This year, the theme for International Women’s Day is #EmbraceEquity. Here at GamCare, we’re working hard to reduce the long-standing inequalities women face in accessing support for gambling related harms.
Many women are unaware of the range of effective support services available, and often believe that they exist to support men. We understand that for women it can be difficult to take the first steps to get support. Unfortunately, fear of social stigma, feelings of shame or guilt, and concerns around trust and safeguarding represent powerful barriers.
Women also do not often recognise the activity they’re participating in as ‘gambling’ as it is often marketed as a social activity, and therefore don’t recognise that gambling support services could be for them.
These barriers mean that just 1% of women affected seek help and that when women do access support services, they have higher dropout rates than men.
Yet, levels of gambling-related harm among women, either directly or as an affected other, are increasing. Today, up to one million women could be at risk from gambling harms.
Worryingly, recent analysis from the Gambling Commission reveals that one in four women aged 18-49 who gamble in Great Britain expect to increase their gambling in the coming months due to the cost-of-living crisis, while one in five are experiencing health challenges such as stress and anxiety.
We also know that gambling harms can disproportionately affect younger women, and those from Black, Asian or minority ethnic backgrounds.
And we know that there is growing evidence that the gambling industry is targeting young women, both in the way it advertises its products, and the way they’re designed.
But it isn’t just those in need of support who would benefit from greater awareness of gambling harms and the services available to support women. Professionals across many sectors, including health and primary care, are often not equipped with the skills they need to identify at-risk women, and how gambling harms intersect with other issues affecting women.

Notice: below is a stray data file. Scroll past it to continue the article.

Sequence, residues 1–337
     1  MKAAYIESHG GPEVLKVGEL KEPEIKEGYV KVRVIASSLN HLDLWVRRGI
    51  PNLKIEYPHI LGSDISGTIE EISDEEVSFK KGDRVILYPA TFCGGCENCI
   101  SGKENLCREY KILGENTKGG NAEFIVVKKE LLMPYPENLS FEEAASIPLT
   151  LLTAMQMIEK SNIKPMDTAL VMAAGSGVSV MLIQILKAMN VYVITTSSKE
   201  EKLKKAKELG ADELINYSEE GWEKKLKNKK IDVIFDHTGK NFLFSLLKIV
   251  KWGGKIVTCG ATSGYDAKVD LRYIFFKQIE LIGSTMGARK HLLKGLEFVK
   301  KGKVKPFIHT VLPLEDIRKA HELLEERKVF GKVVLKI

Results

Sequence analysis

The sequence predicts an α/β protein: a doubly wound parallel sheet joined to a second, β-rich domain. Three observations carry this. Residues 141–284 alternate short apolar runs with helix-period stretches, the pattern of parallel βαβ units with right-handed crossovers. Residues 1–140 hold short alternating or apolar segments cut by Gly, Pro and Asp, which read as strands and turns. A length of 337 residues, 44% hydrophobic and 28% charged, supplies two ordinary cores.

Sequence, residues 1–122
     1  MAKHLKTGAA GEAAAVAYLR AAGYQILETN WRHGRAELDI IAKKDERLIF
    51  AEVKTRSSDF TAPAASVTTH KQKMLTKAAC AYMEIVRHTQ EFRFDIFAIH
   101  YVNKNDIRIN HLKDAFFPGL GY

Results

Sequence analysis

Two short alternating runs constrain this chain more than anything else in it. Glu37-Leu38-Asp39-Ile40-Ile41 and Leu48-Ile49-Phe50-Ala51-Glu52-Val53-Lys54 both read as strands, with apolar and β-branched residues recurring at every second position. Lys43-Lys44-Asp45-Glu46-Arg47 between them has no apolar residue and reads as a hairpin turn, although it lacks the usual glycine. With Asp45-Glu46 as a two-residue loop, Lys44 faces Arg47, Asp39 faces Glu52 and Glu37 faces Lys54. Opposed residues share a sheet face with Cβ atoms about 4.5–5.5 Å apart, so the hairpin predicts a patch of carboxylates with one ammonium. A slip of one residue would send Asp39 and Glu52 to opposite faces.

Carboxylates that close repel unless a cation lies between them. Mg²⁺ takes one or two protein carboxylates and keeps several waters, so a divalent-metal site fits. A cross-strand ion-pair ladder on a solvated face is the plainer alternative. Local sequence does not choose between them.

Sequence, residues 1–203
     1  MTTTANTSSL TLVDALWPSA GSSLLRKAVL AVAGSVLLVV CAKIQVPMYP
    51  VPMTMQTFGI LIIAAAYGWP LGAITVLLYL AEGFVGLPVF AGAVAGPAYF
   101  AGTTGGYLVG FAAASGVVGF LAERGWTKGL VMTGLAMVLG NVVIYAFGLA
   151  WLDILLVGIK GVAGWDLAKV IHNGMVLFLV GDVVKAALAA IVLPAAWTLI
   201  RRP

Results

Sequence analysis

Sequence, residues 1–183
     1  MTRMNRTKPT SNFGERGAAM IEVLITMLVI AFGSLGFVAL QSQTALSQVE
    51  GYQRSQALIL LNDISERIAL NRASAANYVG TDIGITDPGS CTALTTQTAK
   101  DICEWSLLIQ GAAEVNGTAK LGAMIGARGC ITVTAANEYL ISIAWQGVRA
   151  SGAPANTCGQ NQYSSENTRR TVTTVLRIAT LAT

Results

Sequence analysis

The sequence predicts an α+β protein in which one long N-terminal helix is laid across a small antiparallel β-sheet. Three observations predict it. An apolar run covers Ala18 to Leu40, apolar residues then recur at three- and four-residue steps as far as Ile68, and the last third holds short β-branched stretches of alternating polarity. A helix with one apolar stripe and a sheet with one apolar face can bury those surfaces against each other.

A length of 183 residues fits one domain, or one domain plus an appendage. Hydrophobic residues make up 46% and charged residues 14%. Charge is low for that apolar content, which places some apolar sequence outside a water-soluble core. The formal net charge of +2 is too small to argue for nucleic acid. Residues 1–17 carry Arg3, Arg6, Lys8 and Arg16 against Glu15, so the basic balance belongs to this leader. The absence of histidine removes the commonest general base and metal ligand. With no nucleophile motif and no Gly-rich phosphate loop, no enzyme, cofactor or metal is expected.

Much work is needed to ensure that they have the confidence they need to talk about and screen their clients for gambling harms, and how to signpost and refer women and girls to tailored support services.
We’re working in partnership with the IFF Research and University of Bristol to research women’s experiences of gambling harm, and to develop solutions that break down the barriers to treatment. Read more about the project here.
It is increasingly clear that support services need to be tailored, peer-led, holistic, and equitable to meet the unique needs and risk profiles of women. Our Women’s Programme works with a network of organisations supporting women.
To date we’ve trained over 10,000 professionals across over 1,000 organisations, raising awareness of the link between gambling and a range of issues affecting women. Over 96% of professionals taking our training tell us that they feel more confident to signpost and refer women to gambling support services.
This vital research will strengthen our understanding of the reality and lived experiences of women and their engagement with gambling, the drivers of gambling harms amongst women in Great Britain, and the services, interventions, and policies needed to reduce and prevent gambling harms for women.
This understanding will help us as we redesign our women’s services from the ground up and ramp up our activities in this space over the coming 12 months.
We’re here to help. Speak with our Advisers one-to-one over the phone or on live chat 24 hours a day, every day of the year.